Hints & Tips


Old inner tubes from the garage work really well for clamping odd shaped woodworking projects. And most bike shops are tickled to have you take them off their hands. Who cares if they have leaks? They're free & recycled!!


Bricks wrapped in duct tape is a great idea for non-marring weights or supports or spacers or.....


Sheetrock screws bought in bulk make great cheap fasteners for creating workshop shelves and benches.


Recycle plastic jars (like peanut butter) for storing nails, screws & small parts. They keep dust and dirt out while allowing easy visibility.


Clear plastic shoe boxes make great places to store smaller glass pieces. If you stack them as you accumulate pieces you can easily see what is contained in the box (these are also available in some translucent colors which is fun for reds, blues, etc). We try to separate our glass by color & type.


Black electricians' tape is ideal for holding together three dimensional objects. Boxes and lamp panels are excellent examples. Can even be placed in scotch tape dispenser.


When soldering large three dimensional objects place them on a pile of bagged marbles. Some of us glass crafters have an ample supply of glass nuggets still in their net bags. These can be piled up & semi-formed to hold a 3-D project at just the right angle for soldering. A piece of old ironing board cover spread over them will help prevent dripping or splattering the solder (if you have none the material can be obtained from a fabric store).


Soda cans can be cut (carefully!) into square pieces (say 2" by 2") to make great tools for taking apart solder seams. Fold one edge over to make a safe place to hold it. Heat the joint with a soldering iron and gently force the thin aluminum edge between the two connected pieces. Solder does not stick to aluminum.


A standard soap dish next to your soldering station makes a nice receptacle for a damp sponge. It's much larger & more convenient than the small area & sponge furnished with most solder stations.


Pegboard. Use it wherever space allows. This is a great way to keep both tools and supplies organized and handy.


An inexpensive laminating unit can be handy for frequently used pattern pieces such as Christmas ornaments, or anything that you might make in quantities..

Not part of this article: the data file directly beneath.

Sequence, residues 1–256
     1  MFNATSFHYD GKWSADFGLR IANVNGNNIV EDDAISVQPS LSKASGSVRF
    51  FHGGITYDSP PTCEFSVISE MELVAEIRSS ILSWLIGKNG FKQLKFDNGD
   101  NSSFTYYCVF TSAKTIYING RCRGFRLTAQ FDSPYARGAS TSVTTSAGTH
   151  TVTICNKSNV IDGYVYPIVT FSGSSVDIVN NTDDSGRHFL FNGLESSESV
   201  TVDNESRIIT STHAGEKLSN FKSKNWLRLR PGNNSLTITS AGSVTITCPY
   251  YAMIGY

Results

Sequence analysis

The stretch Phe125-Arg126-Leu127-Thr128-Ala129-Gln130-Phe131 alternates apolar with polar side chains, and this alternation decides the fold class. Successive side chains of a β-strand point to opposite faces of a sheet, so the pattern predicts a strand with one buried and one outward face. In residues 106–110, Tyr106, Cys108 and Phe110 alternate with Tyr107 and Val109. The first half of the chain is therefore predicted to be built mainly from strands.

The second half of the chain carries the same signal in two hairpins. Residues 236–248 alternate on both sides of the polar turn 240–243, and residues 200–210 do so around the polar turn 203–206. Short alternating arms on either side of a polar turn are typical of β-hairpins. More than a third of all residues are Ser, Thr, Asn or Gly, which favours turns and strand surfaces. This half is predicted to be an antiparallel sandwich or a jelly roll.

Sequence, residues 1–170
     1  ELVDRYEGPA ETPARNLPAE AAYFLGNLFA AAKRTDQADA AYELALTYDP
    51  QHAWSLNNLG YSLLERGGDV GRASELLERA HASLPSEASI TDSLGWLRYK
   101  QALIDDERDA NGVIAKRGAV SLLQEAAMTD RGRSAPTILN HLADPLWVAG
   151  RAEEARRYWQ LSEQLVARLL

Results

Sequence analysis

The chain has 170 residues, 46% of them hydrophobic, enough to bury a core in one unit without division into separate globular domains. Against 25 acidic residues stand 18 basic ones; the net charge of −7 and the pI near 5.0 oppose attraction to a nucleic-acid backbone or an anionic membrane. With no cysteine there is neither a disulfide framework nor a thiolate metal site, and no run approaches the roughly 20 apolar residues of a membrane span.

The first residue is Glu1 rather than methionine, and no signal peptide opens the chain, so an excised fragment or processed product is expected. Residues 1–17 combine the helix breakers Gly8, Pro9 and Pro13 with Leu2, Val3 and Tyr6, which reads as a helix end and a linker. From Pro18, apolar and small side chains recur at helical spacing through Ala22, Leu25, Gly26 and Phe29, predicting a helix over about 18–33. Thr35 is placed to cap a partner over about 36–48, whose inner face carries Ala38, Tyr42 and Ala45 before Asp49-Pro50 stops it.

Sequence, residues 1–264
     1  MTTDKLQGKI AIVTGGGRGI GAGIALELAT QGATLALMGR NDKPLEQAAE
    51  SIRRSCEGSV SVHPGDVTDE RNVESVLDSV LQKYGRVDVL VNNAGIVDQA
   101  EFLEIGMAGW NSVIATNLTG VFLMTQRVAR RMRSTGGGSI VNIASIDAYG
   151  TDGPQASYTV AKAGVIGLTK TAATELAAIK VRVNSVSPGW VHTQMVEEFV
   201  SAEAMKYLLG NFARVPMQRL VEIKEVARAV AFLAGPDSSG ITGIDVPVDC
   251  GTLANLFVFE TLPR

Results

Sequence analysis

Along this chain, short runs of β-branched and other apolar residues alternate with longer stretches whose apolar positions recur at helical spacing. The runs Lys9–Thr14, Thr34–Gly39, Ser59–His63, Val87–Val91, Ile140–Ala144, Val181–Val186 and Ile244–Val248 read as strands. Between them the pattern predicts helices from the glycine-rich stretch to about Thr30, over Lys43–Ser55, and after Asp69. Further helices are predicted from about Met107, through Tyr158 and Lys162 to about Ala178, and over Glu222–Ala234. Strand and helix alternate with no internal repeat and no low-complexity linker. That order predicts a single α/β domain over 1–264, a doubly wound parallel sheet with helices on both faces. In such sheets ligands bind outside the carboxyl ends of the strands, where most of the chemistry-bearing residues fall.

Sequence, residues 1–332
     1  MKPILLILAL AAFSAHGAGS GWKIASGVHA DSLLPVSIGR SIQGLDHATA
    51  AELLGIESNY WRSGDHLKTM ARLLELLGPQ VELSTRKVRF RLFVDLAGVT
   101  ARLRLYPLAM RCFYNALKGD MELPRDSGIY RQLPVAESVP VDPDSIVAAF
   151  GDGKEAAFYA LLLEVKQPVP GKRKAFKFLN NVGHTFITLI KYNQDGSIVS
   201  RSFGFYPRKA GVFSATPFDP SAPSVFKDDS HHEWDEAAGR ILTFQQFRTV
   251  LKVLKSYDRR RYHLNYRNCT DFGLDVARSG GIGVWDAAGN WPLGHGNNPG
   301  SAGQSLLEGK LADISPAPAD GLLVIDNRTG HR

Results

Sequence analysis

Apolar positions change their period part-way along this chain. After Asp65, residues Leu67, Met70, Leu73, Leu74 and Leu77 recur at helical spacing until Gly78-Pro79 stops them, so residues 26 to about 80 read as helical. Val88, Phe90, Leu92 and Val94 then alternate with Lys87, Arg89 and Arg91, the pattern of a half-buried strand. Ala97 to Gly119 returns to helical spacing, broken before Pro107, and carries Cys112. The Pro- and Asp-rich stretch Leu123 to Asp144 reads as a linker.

Stainless steel trivets or molds for firing in a kiln can be created cheaply by cutting (again, carefully!) from old toasters, deep fryers etc.


Obtaining free project wood is easy.
1) People ask me to cut up or down trees for them because they know I have a chainsaw.
2) After a storm I easily obtain wood just for removing it.
3) The power company trims trees for power lines....free wood for asking.
4) When neighbors remove trees, ask or trade for useful chunks.
5) Glue scraps together, it adds character to projects.


Plastic soda or salad dressing bottles filled with water and frozen take the mess out of putting ice in your ring or band saws and can be reused. Keep a couple of spares.


Tip: Sort everything....if you can't find it you can't use it.


We put a thin layer of cork on the bottom of straight edges used to cut glass. It keeps them from slipping.


Attach yardsticks to the edge of workbenches or saw fences or any place you measure things. Some hardware stores give these away to customers.


Use sunlight or full spectrum fluorescent lighting in your stain glass shop. Shows true colors of glass, reduces eyestrain, and gives your body necessary sunlight during the winter days. Color Rendering Index (CRI) for natural outdoor light is 100 cri, while standard fluorescents are 56 cri. Tubes are readily available at 90 cri.


We use brass cap screws when assembling our wood frames for stain glass. They allow the frames to be be taken apart should glass repair become necessary down the road (hopefully waaaay down the road...or preferably never, right?).


You can make your own felt pads for projects by sticking one side of two sided tape to regular felt. Paper punches come in all sizes & shapes nowadays, just have fun.


Use Beeswax or soap on screw threads to ease use.


Plastic 4" plumbing pipe is a great place to store came, & metal edging strips be they lead, zinc, brass, or wood.


Roll away tool cabinets are great for storing tools or parts since the wheels allow them to be portable benches or rolled under benches to get them out of the way yet still have drawers accessible.


We grind all edges of all glass we foil. Not heavily just enough to give a good surface for foil to stick and also prevents the glass from cutting the foil.


Turning projects into clocks offers a great opportunity to create with very little additional expense. This can be done with items as small as suncatchers.


Add Your own Hint or Tip




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